US race in sticky phase with free sweets and $1bn for ads
Of President Barack Obama’s many campaign promises, free Halloween chocolate from the White House for voters from the swing states might just be the most significant.
“It is an election year, so candy for everybody,” Mr Obama pledged during an interview with late-night TV host Jay Leno.
“If anybody comes from Ohio to the White House they’ll get a Hershey bar about this big,” he added, arms outstretched.
It was a joke, of course, yet with a week and a half until the 6 November polling day, it highlighted how Mr Obama’s campaign for a second term will be won or lost in a handful of battleground states, Ohio included.
Along with Florida, Virginia and lesser others, including North Carolina, Iowa, Colorado and Nevada, it carries enough votes in the Electoral College, which assigns each state a numerical value depending on its size, to tip the election for the incumbent or his Republican challenger, Mitt Romney.
And it is in those states that the candidates are pouring $1 billion in TV advertisements and making almost daily appearances in a last frantic scramble to secure undecided voters in a race declared by the latest poll yesterday to be a virtual dead heat.
In Ohio, which will award its winner 18 of the 270 college votes needed to secure the keys to the White House, Mr Obama holds a 2.1 per cent advantage, according to Real Clear Politics, well below half that of his margin over John McCain in 2008.
But indications from three weeks of early voting appear to favour Mr Obama, who also has history on his side. No Republican has ever won the national election without winning Ohio.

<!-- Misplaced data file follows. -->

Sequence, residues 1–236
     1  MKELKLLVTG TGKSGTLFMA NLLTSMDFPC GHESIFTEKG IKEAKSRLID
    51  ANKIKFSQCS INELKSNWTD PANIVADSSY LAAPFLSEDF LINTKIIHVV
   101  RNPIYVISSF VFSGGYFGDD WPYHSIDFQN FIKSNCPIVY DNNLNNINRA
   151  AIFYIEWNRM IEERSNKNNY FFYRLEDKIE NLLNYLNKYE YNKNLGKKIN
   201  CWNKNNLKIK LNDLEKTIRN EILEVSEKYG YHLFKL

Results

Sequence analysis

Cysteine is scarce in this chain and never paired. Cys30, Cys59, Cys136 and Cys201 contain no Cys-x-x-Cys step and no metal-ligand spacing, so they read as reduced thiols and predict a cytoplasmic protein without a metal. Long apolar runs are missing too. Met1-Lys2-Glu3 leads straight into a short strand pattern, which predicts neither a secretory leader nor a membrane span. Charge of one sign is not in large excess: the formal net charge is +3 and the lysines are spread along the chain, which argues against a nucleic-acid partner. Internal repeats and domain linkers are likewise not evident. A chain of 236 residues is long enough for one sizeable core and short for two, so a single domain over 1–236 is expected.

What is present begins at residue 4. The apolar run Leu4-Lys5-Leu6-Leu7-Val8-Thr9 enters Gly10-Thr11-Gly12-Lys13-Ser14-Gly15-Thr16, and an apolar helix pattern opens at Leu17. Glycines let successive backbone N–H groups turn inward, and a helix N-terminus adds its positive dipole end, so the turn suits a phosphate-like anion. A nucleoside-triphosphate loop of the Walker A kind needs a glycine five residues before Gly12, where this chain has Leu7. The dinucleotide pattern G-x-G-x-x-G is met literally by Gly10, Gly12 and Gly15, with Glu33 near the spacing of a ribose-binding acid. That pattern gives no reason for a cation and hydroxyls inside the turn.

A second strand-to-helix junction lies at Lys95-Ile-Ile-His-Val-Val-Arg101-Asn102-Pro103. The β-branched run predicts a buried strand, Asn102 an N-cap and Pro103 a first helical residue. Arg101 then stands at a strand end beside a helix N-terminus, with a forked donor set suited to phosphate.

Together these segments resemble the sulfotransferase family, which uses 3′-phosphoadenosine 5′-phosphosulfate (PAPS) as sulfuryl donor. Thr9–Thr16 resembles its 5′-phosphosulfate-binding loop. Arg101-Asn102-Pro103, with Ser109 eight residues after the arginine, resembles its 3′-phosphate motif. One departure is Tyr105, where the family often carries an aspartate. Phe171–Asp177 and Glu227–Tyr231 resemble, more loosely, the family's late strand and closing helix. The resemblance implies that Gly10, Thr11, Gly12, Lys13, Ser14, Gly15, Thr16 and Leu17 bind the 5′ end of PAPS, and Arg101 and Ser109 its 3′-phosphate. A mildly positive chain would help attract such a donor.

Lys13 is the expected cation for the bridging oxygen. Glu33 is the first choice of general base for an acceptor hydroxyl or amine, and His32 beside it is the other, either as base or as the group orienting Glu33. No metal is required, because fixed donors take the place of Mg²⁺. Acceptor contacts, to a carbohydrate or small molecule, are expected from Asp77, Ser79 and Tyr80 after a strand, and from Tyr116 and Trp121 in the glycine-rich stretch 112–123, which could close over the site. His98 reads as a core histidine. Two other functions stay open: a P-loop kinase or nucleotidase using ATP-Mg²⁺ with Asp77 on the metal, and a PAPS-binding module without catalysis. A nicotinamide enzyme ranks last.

In Florida, however, the largest prize among the swing states with 29 college votes, Mr Romney has turned around a deficit of four points in recent weeks and now holds a 1.8 per cent lead, says RCP.
It has prompted furious last-minute activity from the president, who made his 14th campaign visit since January to the state yesterday, where he delivered doughnuts to firefighters in Tampa, and a blitz of TV ads, almost $5 million worth in a week.
Even so, analysts say Mr Obama can still win the election without taking Florida. Mr Romney’s path to the White House, meanwhile, is almost impossible to cross without Florida’s college votes. “The Romney campaign is increasingly confident about Florida and the Obama campaign concedes things are trending his way,” CNN’s John King said after Monday’s final presidential debate in Boca Raton.
“The Democrats are starting to think they might have to concede Florida. We’re already seeing evidence that North Carolina is moving Romney’s way. If these two things happen, you get [electoral college] parity, 237-235. You then have seven leftover toss-up states and that would become the big calculation.
“If Florida keeps trending Romney’s way and he can hold that, if North Carolina is as solid as they think, you have quite the fight. They have to calculate is it worth spending so much just to try to hold the race close or should we cut that money maybe in half and spend it in Ohio, Nevada, Colorado?”
Both the Republicans and Democratic camps launched new TV ads to be aired in the battleground states this week, Mr Romney attacked Mr Obama over unemployment and tax cuts and was accused in turn of backing the policies that caused the economic meltdown.
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